By: Paul Gibson, business consultant, and Nam Tran, data management specialist, Sapient Global Markets
At a recent event, HSBC Group chief data officer (CDO) Peter Serenita set an interesting tone with opening remarks discussing how far the industry’s data management capabilities have come and how much further they have to go. The benchmark for this statement comes from the three stages a CDO must work through to implement a fully functional data management structure.
Depending on the size of the organisation and its political landscape, CDO 1.0 should take anywhere from three months to one year to implement. It is easy for companies to want to speed through it, or move past it all together, before CDO 1.0 is fully ingrained in the organisation.
Data management functions have a tendency to shift toward investing in the latest governance tools (CDO 2.0) instead of focusing on the basics, such as establishing a sustainable data governance framework (CDO 1.0) in which people are responsible for owning the data assets that reside throughout the organisation.
Impatience to move to CDO 2.0 or further before establishing a baseline for CDO 1.0 is the fundamental reason why firms are still unable to leverage their data assets to deliver close to their potential value. It stems from the need to prove the value of the governance programme, which can be challenging as firms face pressure to compete with new, innovative firms, while juggling greater cost and compliance pressures.
Firms that are able to organise and govern their ever increasing data could turn it into a revenue-generating activity. This requires efficient access to clean, accurate data for greater insight generation through a properly governed and centralised organisation backed by policies, standards, transparency and collaboration. Those that have begun experimenting with new technologies before fully achieving CDO 1.0 will ultimately struggle to get beyond data quality and compliance issues.
Re-establishing a foundation
A key initial objective when evaluating the governance framework within an organisation is understanding the current state. What is the single source of truth for a particular asset? What does the flow of information from sources and destinations look like for an asset? Who is responsible for the datasets? These fundamental questions take time to answer. Organisations that lose momentum and interest and move onto the next stage of CDO before they are ready will find they have a limited number of datasets they can rely on for value generating activities.
How can an organisation govern an incomplete picture? How can it look to improve its technology without fully understanding the current landscape? These are just a couple of questions that can plague an organisation should it move hastily past its maturity level.
Whether it’s responding to an inquiry or providing an ad hoc report, organisations need the means to meet client requests as quickly as possible. Delivering the right information at the most appropriate time only occurs when data governance is properly established because it can identify who owns the data and in which source system it resides.
Imagine a scenario in which a client contacts the organisation to seek insight into the types of investments made on their behalf for the year. Will the client representative know exactly where to look and who to ask for this information, or will the representative have to recruit multiple employees to analyse and produce that report for the client? In today’s data landscape, it is the latter that tends to happen more frequently.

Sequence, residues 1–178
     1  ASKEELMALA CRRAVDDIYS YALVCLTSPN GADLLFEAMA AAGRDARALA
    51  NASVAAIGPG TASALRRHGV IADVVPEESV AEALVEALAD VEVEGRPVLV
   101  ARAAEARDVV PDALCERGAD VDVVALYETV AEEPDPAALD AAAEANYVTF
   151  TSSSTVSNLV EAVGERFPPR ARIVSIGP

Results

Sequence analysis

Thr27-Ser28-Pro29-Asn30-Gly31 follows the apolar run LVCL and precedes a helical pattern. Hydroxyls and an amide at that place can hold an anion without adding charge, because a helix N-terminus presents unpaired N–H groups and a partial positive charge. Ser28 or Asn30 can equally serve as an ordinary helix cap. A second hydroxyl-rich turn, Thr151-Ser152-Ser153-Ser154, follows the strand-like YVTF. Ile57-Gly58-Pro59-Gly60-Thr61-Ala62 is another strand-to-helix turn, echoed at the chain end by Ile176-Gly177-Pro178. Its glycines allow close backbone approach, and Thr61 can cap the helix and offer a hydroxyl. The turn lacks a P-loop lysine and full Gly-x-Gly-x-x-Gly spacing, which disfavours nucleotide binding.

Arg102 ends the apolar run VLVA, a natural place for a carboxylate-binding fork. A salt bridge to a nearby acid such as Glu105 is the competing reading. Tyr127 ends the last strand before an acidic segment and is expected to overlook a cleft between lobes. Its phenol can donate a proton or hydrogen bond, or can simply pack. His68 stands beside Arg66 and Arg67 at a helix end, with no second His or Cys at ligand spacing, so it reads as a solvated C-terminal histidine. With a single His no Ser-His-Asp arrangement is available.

To move beyond CDO 1.0 in a maintainable way, organisations must establish a solid governance agenda, including a methodology to identify an owner to every piece of data so that people know the responsible party when they need access or when they need to resolve errors or inconsistencies.
This isn’t easy. It’s a challenge for many to achieve data governance buy-in at a time when firms are focused on more direct bottom-line-driven activities to counter shrinking margins and increasing competition. The key is in stories. For the data function to receive the appropriate investment, CDOs have to be able to tell the stories about how their function is moving the organisation forward.
CDO 1.0 and beyond
Today’s CDOs need to champion new opportunities, while also staying focused and firm on the governance track. CDOs must work closely with their teams to ensure alignment or else the teams will spend months trying to implement new tools without proper structure. This process starts by making sure the right story is being communicated and finding the appropriate set of tools for their organisation’s data governance maturity level. With them in place, a CDO can show key stakeholders how data can make processes more cost-efficient and customer experiences more personal. Showing incremental value in this way will allow CDOs to maintain support for their programme.
CDOs should place the governance programme at the front and centre of their priorities by holding the team’s direct reports accountable to the programme’s deadlines. While CDOs will be pulled in multiple directions, governance must remain their key focus. Those that fail to establish a solid governance foundation and follow the roadmap to CDO 3.0 will not be able to maximise the value of the tools that can truly make a difference, such as predictive analytics, artificial intelligence and whatever comes next.